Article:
Carbon tariffs falling out of favour as trade war looms

28 July 2009

A majority of European countries are reluctant to pick up on current debates in France and the United States about carbon tariffs designed to fend off competition from countries which have not committed to reducing emissions, for fear of triggering a green trade war.

So far, France has been the only member state to openly rally for the introduction of border measures to secure the competitiveness of European industry against emerging economies. It put the measure on the table in 2008 when the EU was immersed in discussions on a revision of its emissions trading scheme (EU ETS).

Since agreement was reached on the revised directive in December 2008, carbon tariffs largely disappeared from debates until the US floated the idea in a draft climate bill. In the EU, meanwhile, France is having difficulty finding allies to rally around the cause.

As EU environment ministers met informally last week to discuss Europe's position for international negotiations, the Swedish EU Presidency warned that hints of protective measures would block progress towards a global deal, which it said was already too slow.

"The threat of taxes to harm developing countries would seriously make negotiations more difficult," said Swedish Environment Minister Andreas Carlgren.

German State Secretary Matthias Machnig reportedly echoed Swedish views that carbon tariffs would send the wrong message ahead of December's UN climate conference in Copenhagen, calling them "a new form of eco-imperialism".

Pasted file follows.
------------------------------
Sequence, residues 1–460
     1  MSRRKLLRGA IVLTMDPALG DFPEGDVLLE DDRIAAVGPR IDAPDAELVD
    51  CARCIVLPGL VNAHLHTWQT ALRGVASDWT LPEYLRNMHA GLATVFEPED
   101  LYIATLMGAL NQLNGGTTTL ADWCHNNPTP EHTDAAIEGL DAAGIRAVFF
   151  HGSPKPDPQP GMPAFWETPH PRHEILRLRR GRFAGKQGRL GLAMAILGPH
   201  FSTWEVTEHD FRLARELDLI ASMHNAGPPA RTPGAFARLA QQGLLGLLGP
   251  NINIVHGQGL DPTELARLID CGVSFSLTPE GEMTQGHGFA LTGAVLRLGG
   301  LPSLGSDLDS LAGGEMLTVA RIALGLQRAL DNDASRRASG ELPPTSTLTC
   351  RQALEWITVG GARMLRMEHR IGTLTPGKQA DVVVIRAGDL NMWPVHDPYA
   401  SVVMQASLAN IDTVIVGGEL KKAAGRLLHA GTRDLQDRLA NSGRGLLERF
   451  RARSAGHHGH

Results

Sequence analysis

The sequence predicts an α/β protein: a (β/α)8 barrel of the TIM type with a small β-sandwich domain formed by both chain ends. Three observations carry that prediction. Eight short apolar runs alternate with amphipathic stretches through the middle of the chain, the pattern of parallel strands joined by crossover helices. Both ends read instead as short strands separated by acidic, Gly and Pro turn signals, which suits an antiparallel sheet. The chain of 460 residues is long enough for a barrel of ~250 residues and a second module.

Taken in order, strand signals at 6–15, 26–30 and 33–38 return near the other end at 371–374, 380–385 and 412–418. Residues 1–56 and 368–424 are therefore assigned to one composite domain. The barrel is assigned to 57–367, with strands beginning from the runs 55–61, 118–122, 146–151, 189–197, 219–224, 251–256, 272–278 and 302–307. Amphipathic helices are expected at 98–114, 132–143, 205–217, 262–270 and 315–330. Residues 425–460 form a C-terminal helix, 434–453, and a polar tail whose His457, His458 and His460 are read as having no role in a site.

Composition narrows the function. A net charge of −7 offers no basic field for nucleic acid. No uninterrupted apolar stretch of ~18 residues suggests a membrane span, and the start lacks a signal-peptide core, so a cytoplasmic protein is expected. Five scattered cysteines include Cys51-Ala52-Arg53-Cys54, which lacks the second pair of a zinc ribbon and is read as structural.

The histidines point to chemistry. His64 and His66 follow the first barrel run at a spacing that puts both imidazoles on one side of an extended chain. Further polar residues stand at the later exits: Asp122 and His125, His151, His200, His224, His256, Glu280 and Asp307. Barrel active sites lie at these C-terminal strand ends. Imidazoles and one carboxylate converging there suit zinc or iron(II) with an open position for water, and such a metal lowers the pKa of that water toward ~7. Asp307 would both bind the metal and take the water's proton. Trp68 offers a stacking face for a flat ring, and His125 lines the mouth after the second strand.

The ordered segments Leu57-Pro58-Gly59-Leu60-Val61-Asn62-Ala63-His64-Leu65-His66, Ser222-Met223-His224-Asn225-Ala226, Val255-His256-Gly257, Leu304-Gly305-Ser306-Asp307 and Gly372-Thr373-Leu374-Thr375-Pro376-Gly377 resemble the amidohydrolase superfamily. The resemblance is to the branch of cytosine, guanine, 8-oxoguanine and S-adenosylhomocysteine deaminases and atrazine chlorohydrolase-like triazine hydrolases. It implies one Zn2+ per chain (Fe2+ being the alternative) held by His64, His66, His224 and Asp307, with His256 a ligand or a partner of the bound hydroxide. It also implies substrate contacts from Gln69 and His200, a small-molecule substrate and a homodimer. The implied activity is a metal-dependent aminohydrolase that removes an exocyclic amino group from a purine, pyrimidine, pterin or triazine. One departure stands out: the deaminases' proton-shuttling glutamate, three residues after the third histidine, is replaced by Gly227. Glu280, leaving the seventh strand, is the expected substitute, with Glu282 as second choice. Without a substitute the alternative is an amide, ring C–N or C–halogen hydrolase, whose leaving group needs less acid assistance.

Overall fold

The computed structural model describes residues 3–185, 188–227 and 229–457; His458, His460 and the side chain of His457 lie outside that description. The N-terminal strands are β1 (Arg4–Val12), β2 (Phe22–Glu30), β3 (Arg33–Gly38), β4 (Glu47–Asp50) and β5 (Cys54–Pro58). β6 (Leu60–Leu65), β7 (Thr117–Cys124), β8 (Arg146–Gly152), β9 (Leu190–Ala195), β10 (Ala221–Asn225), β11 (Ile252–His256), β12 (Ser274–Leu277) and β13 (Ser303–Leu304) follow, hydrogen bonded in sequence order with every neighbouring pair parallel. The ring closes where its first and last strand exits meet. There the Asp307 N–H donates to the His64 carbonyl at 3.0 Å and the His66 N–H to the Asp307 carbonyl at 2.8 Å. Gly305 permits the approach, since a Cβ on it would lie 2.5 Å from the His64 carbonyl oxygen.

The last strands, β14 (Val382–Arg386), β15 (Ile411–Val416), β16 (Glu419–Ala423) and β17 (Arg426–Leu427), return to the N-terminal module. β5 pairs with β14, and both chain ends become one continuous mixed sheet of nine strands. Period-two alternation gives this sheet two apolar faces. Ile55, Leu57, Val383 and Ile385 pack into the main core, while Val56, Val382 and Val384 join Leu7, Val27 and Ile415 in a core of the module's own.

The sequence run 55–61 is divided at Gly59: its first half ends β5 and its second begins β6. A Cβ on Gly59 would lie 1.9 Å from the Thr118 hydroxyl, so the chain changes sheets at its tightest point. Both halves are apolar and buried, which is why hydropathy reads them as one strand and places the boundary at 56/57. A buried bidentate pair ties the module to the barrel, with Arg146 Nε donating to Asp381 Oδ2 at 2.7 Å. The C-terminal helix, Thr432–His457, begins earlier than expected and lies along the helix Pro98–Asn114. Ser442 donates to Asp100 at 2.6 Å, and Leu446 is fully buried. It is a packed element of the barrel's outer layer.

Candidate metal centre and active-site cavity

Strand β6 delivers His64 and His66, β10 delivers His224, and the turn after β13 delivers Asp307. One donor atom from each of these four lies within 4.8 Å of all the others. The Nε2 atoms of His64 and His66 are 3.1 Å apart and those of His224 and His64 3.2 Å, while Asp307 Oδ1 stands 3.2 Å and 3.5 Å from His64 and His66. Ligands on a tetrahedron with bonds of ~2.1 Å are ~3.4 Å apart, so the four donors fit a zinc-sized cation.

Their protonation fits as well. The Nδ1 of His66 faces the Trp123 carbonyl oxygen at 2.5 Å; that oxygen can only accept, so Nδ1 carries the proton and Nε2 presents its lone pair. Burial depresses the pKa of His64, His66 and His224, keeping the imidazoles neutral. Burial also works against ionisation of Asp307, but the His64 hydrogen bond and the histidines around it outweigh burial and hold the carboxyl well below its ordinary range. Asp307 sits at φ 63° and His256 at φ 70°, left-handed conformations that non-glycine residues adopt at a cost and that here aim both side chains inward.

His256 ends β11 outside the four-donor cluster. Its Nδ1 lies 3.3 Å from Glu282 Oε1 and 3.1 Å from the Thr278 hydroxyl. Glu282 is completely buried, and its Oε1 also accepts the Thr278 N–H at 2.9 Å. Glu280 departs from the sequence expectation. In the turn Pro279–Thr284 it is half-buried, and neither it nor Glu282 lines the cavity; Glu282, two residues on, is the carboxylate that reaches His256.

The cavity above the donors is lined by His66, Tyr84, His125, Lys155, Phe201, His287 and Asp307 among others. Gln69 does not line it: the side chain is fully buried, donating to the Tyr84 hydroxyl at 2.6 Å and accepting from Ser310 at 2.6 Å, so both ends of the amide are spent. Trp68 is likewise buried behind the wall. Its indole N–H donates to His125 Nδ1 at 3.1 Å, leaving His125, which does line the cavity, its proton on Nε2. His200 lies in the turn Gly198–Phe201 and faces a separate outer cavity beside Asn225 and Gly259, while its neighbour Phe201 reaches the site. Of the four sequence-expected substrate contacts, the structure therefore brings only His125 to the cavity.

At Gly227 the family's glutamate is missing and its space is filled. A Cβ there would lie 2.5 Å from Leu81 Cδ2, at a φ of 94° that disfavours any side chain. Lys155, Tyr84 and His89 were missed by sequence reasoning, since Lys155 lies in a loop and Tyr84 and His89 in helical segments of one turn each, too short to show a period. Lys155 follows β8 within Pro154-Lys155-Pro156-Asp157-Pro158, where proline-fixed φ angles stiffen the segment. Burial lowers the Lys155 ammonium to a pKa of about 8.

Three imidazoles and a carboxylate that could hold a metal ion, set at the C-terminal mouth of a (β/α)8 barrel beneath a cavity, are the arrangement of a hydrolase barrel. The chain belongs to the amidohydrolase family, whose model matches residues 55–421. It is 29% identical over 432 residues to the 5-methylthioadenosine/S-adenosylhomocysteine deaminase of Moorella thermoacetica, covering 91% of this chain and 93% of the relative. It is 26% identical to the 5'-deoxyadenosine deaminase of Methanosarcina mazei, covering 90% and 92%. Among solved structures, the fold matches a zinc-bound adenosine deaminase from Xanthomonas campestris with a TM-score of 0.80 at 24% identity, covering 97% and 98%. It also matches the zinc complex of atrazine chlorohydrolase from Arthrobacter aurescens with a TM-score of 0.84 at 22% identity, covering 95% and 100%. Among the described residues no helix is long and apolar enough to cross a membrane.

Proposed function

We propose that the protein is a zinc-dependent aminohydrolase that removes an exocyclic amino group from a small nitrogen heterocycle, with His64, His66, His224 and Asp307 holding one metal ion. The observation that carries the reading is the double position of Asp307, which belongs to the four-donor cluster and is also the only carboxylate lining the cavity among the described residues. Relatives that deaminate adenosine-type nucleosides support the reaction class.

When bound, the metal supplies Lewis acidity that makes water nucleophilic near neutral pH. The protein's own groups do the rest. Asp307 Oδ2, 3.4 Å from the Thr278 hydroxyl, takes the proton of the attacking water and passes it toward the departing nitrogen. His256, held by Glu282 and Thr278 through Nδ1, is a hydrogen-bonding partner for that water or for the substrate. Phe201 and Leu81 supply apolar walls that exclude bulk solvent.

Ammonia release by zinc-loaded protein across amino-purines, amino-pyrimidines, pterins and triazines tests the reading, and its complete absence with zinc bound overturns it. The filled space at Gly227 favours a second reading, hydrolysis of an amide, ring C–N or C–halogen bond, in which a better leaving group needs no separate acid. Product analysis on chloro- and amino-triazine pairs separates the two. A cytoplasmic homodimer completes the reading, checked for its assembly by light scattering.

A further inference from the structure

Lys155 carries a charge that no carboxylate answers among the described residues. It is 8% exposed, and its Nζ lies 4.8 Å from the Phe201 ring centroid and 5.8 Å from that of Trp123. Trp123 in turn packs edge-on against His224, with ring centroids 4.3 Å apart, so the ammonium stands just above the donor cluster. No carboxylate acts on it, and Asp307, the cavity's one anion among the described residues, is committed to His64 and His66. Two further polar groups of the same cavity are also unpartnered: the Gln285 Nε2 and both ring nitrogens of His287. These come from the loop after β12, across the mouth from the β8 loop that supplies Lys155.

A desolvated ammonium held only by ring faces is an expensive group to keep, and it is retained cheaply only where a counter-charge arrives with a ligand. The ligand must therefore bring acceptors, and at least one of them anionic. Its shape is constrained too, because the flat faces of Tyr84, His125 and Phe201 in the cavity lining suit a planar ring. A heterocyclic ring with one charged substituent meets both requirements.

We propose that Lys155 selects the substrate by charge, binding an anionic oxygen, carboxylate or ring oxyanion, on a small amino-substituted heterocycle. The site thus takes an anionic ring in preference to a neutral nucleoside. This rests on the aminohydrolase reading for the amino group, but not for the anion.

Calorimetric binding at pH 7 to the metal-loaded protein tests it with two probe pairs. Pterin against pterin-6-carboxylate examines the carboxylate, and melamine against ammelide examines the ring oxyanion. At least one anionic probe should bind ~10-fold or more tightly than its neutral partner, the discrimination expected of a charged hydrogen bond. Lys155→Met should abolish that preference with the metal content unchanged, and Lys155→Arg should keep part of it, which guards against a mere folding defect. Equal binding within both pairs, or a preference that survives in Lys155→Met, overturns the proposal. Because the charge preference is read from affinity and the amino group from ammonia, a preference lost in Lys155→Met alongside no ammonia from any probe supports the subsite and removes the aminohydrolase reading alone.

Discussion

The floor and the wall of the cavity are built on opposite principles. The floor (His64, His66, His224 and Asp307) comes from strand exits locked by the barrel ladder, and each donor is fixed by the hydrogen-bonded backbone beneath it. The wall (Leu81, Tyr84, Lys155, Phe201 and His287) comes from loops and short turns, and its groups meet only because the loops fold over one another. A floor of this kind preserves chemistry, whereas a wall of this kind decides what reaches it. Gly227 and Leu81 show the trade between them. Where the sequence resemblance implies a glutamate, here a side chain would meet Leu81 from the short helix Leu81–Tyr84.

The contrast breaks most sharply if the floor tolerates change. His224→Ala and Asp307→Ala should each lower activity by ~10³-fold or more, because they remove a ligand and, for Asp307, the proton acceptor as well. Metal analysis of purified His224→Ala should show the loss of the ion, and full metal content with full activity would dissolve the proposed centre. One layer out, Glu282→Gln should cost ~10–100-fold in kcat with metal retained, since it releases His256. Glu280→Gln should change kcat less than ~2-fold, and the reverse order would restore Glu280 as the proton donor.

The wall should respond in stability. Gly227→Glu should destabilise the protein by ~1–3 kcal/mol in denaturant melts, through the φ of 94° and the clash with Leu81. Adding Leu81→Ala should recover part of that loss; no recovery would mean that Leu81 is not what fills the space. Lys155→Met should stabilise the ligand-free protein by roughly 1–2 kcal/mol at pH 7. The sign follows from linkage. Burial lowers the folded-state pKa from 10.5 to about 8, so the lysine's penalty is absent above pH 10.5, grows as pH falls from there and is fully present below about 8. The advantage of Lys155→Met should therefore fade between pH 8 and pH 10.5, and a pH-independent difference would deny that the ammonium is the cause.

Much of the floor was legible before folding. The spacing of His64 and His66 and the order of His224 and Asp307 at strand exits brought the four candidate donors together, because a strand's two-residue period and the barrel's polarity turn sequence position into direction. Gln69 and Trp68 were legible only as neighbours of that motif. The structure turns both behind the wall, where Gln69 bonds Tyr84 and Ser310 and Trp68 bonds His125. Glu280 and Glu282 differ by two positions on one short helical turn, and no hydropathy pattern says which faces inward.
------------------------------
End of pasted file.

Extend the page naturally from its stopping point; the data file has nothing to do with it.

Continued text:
Moreover, carbon-related border taxes could potentially conflict with WTO rules, which aim to provide for free competition (EurActiv 01/07/09).

The EU is dealing with competitiveness issues by granting free emisssion permits to industries which it deems vulnerable to relocating in areas with less stringent environmental laws, dubbed 'carbon leakage' (EurActiv 26/05/09).

The prevailing view among member states and the European Commission is that these internal measures should be the first-aid solution, while border adjustments would come as a last resort.

The US House of Representatives inserted a provision in its draft climate bill that allows the country to impose a 'border adjustment' after 2020 on certain products from countries which do not limit their global warming emissions.

But President Barack Obama spoke strongly against such measures after the House had passed the bill.

Rajendra Pachauri, chair of the UN's Intergovernmental Panel on Climate Change (IPCC), also criticised the draft legislation, warning that it would allow developing countries to tax US exports in return.